Red Deer’s historic Parsons house will remain standing on the same downtown corner it’s occupied for the last 116 years.
The Alberta government says it recognizes the value of preserving the 1903 historic residence, even as the new $97-million Red Deer justice centre is built around it.
According to Diane Carter, spokesperson for Alberta Infrastructure, “We recognize the heritage value and importance of Parsons House and are supportive of its continued designation as a Municipal Historic Resource.”
The fate of the yellow brick home on 49 St., which had once held Red Deer’s first medical clinic, was put into question when the government purchased the land it sits on last year.
The Parsons property, as well as connecting land that held the recently demolished former RCMP station, were needed for the construction of the Justice Centre that will replace the cramped exisiting provincial courthouse.
But the City of Red Deer, as well as city council, including local historian Michael Dawe, have lobbied for the preservation of the historic Parsons house — one of the few buildings remaining that’s clad in brick from the original Red Deer brickyard.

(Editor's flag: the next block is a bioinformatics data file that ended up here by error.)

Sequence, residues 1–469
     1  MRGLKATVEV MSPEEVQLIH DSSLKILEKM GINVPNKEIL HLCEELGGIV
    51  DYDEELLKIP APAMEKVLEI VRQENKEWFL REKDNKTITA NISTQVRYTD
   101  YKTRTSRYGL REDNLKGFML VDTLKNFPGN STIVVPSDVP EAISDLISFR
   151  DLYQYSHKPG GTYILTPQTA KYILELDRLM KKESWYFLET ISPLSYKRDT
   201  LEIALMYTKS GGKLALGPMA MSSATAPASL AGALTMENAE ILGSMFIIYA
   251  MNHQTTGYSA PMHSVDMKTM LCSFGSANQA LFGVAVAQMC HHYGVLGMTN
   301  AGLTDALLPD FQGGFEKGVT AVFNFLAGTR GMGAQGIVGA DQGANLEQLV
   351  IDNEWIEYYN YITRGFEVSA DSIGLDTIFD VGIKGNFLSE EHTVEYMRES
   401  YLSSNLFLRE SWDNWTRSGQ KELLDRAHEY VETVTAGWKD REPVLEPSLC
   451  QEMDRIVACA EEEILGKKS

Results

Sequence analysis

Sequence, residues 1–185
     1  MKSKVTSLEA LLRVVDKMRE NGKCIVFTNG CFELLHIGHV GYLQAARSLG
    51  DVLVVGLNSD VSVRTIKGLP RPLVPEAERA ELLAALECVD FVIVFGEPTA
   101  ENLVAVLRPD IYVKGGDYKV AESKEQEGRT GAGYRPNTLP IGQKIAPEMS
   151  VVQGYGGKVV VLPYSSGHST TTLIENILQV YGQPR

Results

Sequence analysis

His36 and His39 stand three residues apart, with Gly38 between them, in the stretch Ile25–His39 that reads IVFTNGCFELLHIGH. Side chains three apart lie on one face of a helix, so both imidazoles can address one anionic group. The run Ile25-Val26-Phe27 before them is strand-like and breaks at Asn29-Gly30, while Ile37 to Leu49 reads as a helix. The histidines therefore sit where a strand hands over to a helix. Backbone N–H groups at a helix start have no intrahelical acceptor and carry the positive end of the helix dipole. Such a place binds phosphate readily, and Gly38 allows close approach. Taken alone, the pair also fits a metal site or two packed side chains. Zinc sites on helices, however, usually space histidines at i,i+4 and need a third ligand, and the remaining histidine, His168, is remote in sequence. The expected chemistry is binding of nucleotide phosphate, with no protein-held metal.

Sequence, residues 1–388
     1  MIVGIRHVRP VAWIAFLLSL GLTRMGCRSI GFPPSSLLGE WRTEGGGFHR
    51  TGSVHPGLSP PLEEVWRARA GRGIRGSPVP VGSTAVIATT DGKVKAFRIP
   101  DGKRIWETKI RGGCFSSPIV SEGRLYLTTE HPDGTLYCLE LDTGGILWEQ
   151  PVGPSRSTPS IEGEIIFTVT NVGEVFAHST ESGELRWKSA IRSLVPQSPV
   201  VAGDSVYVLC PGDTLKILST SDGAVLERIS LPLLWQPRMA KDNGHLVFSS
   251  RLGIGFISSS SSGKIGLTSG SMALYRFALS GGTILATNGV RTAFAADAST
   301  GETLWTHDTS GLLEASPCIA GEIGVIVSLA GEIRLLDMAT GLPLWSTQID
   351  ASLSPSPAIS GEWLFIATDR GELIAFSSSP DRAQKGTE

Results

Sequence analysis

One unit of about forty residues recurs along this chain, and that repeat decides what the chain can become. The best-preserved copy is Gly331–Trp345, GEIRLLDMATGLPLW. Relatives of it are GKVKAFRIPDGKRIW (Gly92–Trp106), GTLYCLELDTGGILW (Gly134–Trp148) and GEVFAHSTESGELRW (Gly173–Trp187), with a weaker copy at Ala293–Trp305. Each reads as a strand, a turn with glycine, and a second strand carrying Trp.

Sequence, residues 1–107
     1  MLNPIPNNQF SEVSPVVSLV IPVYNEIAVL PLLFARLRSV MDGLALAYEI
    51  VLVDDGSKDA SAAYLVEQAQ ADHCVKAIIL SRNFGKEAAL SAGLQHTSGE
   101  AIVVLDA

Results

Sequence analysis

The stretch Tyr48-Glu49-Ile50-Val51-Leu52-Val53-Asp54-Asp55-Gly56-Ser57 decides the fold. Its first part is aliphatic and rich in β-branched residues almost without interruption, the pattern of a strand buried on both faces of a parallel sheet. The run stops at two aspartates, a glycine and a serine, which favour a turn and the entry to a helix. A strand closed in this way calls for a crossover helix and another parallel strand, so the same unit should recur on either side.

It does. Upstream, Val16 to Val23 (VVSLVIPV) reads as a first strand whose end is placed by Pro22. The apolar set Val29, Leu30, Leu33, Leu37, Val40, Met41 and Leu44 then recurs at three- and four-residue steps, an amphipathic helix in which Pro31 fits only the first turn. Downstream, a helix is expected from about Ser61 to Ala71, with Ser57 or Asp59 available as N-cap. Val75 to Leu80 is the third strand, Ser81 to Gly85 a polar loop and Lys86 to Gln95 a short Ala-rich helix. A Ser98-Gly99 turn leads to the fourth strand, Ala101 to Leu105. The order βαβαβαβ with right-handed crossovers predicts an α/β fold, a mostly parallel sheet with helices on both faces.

Dawe said he’s very pleased the province has decided to preserve the “attractive-looking” neo-classical home, built by Dr. Richard Parsons on a prominent corner of Red Deer’s downtown.
He feels it could become a fine judges’ chambers — but whether the province’s plan is to connect the house to the new Justice Centre has not yet been revealed.
Dawe feels it’s important to preserve this tangible piece of local history as “there are not a lot of buildings of that age around…
“It’s one of the last buildings made of brick from Piper’s brickyard, it was our first medical clinic, and it contained one of the first X-ray machines in the province…”
Tara Lodewyk, director of planning services for the city, said she’s also happy to hear the house will be saved. “We did request the government of Alberta preserve Parsons house.”
How it will be incorporated into the Justice Centre is yet to be determined, she added, noting upcoming discussions will determine the layout of the complex.
If plans for the new justice centre are in compliance with the city’s downtown planning rules, the project will not have to go before the municipal planning commission or city council. However, Lodewyk expects there will likely be an public unveiling of what the complex will look like.
Site preparation for the new Justice Centre project is now wrapping up after a summer of clearing the property after the demolition of the former police detachment offices.
Carter said the Red Deer Justice Centre project will be tendered in winter 2020 with an expected completion date in summer 2023.
The new complex is being built to provide more space, with 12 courtrooms, and the capacity to expand to 16 courtrooms in total.
“Our consultant team is working on contract documents in preparation for the project construction tender,” added Carter.
Red Deer Mayor Tara Veer is, meanwhile, expecting a development permit application to be filed in October.